Outline details of the Government’s renters reform White Paper have been published, full details of which are due to be revealed in parliament later this morning.
The proposals are:
- Helping the most vulnerable by outlawing blanket bans on renting to families with children or those in receipt of benefits.
- For the first time, ending the use of arbitrary rent review clauses, restricting tribunals from hiking up rent and enabling tenants to be repaid rent for non-decent homes. This will make sure tenants can take their landlord to court to seek repayment of rent if their homes are of unacceptable standard.
- Making it easier for tenants to have pets in their homes by giving all tenants the right to request a pet in their house, which the landlord must consider and cannot unreasonably refuse.
- All tenants to be moved onto a single system of periodic tenancies, meaning they can leave poor quality housing without remaining liable for the rent or move more easily when their circumstances change. A tenancy will only end if a tenant ends it or a landlord has a valid reason, defined in law.
- Doubling notice periods for rent increases and giving tenants stronger powers to challenge them if they are unjustified.
- Giving councils stronger powers to tackle the worst offenders, backed by enforcement pilots, and increasing fines for serious offences.
- Ensuring responsible landlords can gain possession of their properties efficiently from anti-social tenants and can sell their properties when they need to.
- Introducing a new property portal that will help landlords to understand, and comply with, their responsibilities as well as giving councils and tenants the information they need to tackle rogue operators.
Responding to the publication today of the Government’s White Paper on reform of the private rented sector, Ben Beadle, chief executive of the National Residential Landlords Association, says: “Whilst headline commitments to strengthening possession grounds, speedier court processes and mediation are helpful, the detail to follow must retain the confidence of responsible landlords, as well as improving tenants’ rights. We will be analysing the Government’s plans carefully to ensure they meet this test. A failure to do so will exacerbate the housing crisis at a time when renters are struggling to find the homes they need.
“The eventual legislation needs to recognise that government actions have led to a shortage of supply in the sector at a time of record demand. It is causing landlords to leave the sector and driving up rents when people can least afford it.”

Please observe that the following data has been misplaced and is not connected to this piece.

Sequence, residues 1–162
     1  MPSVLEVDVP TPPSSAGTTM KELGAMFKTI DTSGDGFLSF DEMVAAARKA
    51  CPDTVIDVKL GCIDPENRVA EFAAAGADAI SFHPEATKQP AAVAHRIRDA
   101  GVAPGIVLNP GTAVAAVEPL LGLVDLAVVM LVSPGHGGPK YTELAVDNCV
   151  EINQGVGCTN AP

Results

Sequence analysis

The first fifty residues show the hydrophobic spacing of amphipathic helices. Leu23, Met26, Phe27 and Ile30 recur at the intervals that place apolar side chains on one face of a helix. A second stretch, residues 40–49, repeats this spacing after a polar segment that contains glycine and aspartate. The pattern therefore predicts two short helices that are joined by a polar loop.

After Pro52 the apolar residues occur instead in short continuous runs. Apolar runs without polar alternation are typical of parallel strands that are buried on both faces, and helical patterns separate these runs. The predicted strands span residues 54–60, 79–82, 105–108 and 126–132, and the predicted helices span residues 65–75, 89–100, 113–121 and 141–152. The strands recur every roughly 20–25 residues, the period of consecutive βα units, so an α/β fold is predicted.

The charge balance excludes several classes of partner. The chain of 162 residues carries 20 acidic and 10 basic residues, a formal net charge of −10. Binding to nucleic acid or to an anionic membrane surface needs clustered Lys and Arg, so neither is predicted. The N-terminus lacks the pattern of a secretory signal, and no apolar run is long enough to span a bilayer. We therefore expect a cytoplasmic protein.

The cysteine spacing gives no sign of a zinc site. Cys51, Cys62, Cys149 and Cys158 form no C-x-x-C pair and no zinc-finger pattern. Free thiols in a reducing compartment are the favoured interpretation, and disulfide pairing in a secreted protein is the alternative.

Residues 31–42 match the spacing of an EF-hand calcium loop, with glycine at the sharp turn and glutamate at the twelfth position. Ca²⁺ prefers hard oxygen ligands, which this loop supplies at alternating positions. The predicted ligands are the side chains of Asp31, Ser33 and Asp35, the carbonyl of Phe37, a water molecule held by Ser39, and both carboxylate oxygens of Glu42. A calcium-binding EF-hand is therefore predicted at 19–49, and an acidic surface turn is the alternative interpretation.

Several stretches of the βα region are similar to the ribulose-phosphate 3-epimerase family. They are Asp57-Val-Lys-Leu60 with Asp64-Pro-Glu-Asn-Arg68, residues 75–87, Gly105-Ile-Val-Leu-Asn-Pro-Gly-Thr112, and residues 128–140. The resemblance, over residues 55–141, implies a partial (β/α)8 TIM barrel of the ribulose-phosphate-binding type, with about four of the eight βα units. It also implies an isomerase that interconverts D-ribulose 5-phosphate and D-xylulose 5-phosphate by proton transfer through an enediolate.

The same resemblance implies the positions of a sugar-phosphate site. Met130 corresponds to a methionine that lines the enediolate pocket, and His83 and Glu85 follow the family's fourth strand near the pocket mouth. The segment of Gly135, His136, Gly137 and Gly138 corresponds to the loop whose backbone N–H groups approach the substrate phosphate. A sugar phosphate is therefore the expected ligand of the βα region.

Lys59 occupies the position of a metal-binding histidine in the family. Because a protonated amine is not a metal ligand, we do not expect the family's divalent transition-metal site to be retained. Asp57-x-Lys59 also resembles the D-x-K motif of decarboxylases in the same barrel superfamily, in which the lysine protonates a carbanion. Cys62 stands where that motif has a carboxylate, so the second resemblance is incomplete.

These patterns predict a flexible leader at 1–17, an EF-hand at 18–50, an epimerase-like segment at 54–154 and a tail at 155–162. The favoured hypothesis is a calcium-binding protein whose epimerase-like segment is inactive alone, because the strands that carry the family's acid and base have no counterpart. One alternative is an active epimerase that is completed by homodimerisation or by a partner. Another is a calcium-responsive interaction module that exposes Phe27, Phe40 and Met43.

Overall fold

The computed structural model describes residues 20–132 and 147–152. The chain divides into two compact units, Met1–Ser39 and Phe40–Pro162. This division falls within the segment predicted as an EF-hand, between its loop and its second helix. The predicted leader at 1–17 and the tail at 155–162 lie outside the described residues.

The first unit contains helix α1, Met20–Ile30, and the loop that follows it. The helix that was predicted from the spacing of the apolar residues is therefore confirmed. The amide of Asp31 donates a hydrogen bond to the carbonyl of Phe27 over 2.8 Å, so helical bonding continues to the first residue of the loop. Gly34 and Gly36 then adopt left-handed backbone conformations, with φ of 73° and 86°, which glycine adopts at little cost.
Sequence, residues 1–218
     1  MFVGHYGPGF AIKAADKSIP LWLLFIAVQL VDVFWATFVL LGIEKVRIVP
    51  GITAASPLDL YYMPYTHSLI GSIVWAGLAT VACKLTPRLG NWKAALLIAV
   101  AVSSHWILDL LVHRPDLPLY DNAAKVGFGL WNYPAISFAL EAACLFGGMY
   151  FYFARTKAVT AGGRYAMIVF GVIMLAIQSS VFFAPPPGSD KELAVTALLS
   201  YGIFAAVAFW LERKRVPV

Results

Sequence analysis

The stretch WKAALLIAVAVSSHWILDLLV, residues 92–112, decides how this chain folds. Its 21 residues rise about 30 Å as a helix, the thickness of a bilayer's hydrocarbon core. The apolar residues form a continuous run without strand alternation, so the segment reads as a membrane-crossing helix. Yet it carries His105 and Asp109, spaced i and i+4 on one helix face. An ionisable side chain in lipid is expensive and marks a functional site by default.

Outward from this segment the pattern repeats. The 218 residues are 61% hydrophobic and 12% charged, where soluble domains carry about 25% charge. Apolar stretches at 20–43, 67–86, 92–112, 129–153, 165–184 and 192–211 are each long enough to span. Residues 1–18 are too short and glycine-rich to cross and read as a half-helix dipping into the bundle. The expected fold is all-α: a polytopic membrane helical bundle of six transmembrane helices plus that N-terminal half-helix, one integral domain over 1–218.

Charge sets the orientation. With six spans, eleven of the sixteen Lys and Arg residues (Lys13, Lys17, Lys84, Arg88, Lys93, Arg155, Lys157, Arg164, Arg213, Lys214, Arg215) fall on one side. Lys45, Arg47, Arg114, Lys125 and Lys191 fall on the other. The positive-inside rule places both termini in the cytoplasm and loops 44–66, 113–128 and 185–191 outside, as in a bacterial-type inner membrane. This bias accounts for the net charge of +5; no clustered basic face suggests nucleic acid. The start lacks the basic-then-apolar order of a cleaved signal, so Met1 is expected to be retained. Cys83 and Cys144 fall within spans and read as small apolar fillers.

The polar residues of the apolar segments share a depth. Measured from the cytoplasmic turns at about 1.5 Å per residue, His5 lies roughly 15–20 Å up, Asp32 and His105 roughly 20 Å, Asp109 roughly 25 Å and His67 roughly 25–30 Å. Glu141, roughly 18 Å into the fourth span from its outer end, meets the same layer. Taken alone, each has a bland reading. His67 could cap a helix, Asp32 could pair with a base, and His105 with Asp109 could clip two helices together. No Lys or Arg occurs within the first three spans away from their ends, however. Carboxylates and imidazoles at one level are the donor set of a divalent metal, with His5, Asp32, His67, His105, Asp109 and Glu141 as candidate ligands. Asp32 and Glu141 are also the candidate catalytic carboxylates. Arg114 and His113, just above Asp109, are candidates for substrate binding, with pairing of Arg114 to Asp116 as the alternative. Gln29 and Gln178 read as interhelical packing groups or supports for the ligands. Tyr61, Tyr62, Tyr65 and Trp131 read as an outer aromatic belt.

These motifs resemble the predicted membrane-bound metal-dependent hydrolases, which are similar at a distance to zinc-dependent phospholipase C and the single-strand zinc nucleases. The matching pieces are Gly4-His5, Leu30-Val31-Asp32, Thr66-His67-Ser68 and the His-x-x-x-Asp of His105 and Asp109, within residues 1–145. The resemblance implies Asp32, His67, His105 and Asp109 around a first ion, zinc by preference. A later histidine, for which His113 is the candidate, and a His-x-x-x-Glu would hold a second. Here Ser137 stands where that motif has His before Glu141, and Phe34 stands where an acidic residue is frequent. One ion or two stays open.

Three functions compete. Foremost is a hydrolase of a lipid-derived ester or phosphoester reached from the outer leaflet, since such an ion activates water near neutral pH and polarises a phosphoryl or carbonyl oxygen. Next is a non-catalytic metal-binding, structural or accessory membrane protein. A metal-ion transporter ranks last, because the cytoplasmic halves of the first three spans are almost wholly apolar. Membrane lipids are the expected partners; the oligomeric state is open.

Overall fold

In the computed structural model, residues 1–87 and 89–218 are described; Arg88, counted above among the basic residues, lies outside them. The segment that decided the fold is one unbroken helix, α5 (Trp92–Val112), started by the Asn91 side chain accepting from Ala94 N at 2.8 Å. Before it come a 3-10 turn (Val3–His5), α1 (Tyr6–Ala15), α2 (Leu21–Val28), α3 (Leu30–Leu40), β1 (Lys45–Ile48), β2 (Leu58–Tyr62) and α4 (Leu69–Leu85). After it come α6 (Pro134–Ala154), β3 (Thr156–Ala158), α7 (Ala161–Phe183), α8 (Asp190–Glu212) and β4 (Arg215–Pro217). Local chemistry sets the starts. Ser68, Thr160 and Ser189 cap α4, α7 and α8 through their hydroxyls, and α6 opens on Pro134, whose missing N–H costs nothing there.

Cllr David Renard, housing spokesperson for the Local Government Association, comments: “We are pleased that the Government has committed to introducing legislation through the White Paper to increase the rights of tenants and enable them to better hold their landlord to account.
“Removal of ‘no-fault evictions’ is a key step towards increased protection for private renters and will allow renters to challenge poor practice and unfair rent increases without fear of eviction. It will also be important that landlords are able to get their properties back in a timely fashion where they have a valid reason to do so.
“Commitment to extending a legally binding Decent Homes Standard to improve conditions in the private rented sector is positive. This reform should be implemented quickly, and it is vital that councils are sufficiently resourced, through new burdens funding, to support the implementation of the standard.
“To go even further towards tackling insecure and unfit housing, we would like to see a review of Local Housing Allowance rates, and councils to have stronger selective licensing powers by removing the requirement for Secretary of State approval for larger schemes.”
Richard Donnell, executive director of research & insight at Zoopla, adds: “With the backdrop of the cost-of-living crisis putting pressure on renters, these reforms are welcome and timely, particularly as they're largely focused on boosting the quality of housing in the rented sector.
“However, it’s important to note that the private rented sector is under growing strain due to lower levels of new investment by private landlords, largely a result of tax changes and more regulation. There are a growing number of amateur, private landlords exiting the market, offsetting the increased investment from corporate landlords and institutional investors into the build-to-rent market. There is a delicate balance to ensure reforms don’t compound these supply-side challenges, which continue to keep an upward pressure on rents, which have risen 11% in the last year.”
“The Zoopla Lettings Advisory Board has advocated a range of initiatives to improve the transparency over the process of owning and renting homes. In particular, the need for a property register for rented homes to help with compliance on standards of accommodation and the move to define when homes meet the Decent Homes Standard for private rented homes. This will also boost transparency for renters and landlords who both have to deal with often complex regulatory requirements.”